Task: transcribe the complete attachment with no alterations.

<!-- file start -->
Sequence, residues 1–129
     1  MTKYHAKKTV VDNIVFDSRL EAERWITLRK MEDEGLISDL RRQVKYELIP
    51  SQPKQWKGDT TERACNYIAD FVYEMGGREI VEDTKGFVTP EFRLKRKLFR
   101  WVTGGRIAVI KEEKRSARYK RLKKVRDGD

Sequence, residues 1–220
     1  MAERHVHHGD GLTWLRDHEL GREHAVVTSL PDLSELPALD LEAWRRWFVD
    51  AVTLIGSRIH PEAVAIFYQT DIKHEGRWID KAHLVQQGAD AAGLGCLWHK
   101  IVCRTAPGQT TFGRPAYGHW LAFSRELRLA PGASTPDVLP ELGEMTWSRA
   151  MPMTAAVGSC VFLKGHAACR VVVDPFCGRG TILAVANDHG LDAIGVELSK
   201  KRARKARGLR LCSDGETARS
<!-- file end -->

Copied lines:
Sequence, residues 1–129
     1  MTKYHAKKTV VDNIVFDSRL EAERWITLRK MEDEGLISDL RRQVKYELIP
    51  SQPKQWKGDT TERACNYIAD FVYEMGGREI VEDTKGFVTP EFRLKRKLFR
   101  WVTGGRIAVI KEEKRSARYK RLKKVRDGD

Sequence, residues 1–220
     1  MAERHVHHGD GLTWLRDHEL GREHAVVTSL PDLSELPALD LEAWRRWFVD
    51  AVTLIGSRIH PEAVAIFYQT DIKHEGRWID KAHLVQQGAD AAGLGCLWHK
   101  IVCRTAPGQT TFGRPAYGHW LAFSRELRLA PGASTPDVLP ELGEMTWSRA
   151  MPMTAAVGSC VFLKGHAACR VVVDPFCGRG TILAVANDHG LDAIGVELSK
   201  KRARKARGLR LCSDGETARS